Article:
NEW YORK (TheStreet) -- The Japanese yen could suddenly spike against a broad range of currencies, according to HSBC.

Over the last few days, the yen has strengthened as the USD/yen drops on the repatriation of funds by Japanese investors in expectation of big rebuilding activity in their country after a massive earthquake and tsunami.

"We believe the Bank of Japan/Ministry of Finance could intervene in the FX market if the Japanese yen moves become too disorderly," the HSBC Global Currency Strategy Research Team said in a report.

"However, we have to be aware of the idea that the FX market has responded with a lag in the past and the

yen could make a very abrupt move higher against a broad range of currencies."

HSBC analysis shows that the U.S. dollar/Japanese yen took about two weeks to significantly fall on crises such as the 1987 stock crash and the demise of Lehman Brothers during of the recent financial crisis.

The research team said, however, that if the yen's safe-haven currency status eroded, money could flow to the Swiss franc and Norwegian krone.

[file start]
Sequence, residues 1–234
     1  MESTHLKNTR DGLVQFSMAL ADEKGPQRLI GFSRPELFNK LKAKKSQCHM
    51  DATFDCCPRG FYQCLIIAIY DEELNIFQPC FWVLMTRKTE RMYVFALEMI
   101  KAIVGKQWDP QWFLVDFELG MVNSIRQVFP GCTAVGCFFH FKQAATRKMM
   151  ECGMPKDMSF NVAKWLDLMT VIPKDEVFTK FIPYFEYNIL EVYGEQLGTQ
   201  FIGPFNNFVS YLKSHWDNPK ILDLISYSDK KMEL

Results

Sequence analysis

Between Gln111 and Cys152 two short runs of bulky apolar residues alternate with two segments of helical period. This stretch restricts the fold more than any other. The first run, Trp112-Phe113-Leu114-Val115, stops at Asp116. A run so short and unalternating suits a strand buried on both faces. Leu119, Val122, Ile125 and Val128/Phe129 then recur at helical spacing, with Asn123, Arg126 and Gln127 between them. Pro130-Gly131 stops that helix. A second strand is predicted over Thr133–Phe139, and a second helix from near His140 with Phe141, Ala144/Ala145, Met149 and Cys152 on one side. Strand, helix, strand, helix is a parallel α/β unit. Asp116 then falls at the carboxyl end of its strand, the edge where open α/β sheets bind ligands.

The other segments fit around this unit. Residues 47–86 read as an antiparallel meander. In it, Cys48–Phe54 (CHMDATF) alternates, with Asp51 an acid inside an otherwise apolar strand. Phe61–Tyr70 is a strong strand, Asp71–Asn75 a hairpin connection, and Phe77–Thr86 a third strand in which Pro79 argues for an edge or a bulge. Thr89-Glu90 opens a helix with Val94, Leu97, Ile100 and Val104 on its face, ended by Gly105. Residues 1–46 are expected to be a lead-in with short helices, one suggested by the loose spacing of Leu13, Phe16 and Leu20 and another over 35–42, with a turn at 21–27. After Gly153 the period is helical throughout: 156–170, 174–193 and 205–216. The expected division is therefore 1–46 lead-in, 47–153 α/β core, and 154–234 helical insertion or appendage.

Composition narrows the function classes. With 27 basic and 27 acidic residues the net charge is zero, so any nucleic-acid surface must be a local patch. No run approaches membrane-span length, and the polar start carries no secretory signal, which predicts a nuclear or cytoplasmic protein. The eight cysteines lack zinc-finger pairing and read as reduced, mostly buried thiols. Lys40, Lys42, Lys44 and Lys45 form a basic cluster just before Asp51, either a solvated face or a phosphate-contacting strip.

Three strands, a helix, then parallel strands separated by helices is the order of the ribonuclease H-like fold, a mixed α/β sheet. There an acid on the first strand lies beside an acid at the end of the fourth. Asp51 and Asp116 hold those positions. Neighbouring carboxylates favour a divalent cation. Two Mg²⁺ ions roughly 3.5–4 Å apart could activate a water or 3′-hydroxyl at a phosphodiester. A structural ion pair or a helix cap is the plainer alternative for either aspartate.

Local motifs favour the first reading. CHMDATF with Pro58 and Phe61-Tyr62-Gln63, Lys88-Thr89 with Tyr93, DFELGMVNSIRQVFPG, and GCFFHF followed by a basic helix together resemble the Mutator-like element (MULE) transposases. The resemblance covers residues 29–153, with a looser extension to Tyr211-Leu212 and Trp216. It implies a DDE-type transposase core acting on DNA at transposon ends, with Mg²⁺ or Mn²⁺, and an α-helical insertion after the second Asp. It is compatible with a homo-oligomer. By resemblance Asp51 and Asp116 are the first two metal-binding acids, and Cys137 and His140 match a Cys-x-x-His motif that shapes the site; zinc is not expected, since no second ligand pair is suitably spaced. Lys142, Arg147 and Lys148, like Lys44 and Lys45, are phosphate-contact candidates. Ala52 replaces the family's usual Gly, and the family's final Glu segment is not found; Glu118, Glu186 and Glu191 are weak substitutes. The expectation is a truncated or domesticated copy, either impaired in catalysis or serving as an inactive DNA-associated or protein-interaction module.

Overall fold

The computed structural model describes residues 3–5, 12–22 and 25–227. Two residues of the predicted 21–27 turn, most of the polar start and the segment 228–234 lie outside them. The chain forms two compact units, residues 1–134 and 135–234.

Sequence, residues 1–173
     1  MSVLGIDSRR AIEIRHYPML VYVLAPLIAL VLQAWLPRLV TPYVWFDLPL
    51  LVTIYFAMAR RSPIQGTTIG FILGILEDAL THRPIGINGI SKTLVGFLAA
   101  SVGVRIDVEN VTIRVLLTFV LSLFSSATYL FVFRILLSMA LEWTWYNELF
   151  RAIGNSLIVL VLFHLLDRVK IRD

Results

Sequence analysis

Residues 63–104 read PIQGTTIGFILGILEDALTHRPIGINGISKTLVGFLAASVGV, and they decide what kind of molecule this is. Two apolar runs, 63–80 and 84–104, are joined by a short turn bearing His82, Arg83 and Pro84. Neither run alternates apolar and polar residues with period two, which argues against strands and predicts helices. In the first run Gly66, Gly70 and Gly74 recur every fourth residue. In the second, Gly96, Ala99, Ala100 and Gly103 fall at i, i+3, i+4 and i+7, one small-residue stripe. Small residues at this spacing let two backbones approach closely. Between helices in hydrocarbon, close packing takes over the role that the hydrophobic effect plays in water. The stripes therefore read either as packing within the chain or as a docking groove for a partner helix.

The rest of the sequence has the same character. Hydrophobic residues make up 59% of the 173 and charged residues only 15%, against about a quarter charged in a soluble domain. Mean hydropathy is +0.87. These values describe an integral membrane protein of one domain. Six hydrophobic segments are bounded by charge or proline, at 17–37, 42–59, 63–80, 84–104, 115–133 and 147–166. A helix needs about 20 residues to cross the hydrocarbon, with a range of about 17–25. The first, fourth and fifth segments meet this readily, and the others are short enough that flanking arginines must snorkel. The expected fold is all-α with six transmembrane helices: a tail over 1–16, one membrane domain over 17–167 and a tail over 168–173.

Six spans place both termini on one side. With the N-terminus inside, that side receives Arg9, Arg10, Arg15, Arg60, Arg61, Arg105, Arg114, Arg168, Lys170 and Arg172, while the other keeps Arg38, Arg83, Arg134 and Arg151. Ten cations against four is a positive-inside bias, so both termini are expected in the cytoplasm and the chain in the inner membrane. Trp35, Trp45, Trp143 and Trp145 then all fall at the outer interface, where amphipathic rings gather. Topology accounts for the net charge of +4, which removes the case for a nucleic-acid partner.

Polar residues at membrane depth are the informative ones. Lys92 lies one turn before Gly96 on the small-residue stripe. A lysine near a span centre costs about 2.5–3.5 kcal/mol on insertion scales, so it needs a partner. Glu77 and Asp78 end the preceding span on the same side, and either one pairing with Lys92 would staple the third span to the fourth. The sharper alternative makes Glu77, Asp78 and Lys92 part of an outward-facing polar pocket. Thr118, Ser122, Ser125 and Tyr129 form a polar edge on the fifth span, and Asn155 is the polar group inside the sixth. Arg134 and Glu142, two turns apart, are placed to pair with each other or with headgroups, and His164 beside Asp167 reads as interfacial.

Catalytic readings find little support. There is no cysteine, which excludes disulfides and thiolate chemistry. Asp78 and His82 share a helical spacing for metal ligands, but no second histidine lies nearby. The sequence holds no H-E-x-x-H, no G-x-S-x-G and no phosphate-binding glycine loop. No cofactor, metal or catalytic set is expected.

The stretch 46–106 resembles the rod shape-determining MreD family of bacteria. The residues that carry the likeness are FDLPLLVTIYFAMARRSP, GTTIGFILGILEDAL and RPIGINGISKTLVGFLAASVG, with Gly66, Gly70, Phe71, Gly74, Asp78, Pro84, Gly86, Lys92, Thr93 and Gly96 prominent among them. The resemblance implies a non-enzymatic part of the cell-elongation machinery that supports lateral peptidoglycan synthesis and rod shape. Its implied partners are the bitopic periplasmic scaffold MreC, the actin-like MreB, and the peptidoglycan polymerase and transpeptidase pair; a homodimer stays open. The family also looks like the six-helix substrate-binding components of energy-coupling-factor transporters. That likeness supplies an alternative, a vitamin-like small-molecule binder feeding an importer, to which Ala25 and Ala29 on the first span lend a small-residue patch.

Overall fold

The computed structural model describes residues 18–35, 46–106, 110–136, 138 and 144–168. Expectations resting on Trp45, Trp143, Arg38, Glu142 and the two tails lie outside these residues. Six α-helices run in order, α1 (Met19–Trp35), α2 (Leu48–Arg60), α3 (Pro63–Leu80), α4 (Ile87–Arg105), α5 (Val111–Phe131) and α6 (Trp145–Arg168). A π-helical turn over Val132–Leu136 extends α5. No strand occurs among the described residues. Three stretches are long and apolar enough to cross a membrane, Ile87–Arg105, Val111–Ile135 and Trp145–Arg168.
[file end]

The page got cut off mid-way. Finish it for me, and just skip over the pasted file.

In turn, the U.S. dollar could benefit by default if liquidity constraints started to show in the Swiss and Norwegian currency markets.

The U.S. dollar was down 1% against the Japanese currency at 80.773 yen Tuesday morning.

CurrencyShares Japanese Yen Trust

(FXY) - Get Report

was rising 1% to $122.08 and

PowerShares DB US Dollar Index Bullish

(UUP) - Get Report

was up 0.4% to $22.

Japanese companies extended losses on Tuesday amid forced plant shutdowns and strength in the local currency, which eats away at corporate profits in this big-exporting country. Diversified manufacturer

Sanyo Electric


was tumbling 7.9% to $6.16, imaging company



was losing 6.9% to $28.40, office equipment maker



was surrendering 9.9% to $54.34, auto parts maker



was down 2% to $15.57 and electricity generation systems and electronics company


( HIT) was falling 6.4% to $46.76.

>>Search for Highest Dividends by Rate or Yield

-- Written by Andrea Tse in New York.

>To contact the writer of this article, click here:

Andrea Tse


>To follow the writer on Twitter, go to

Andrea Tse


>To submit a news tip, send an email to:


Copyright 2010 Inc. All rights reserved. This material may not be published, broadcast, rewritten, or redistributed.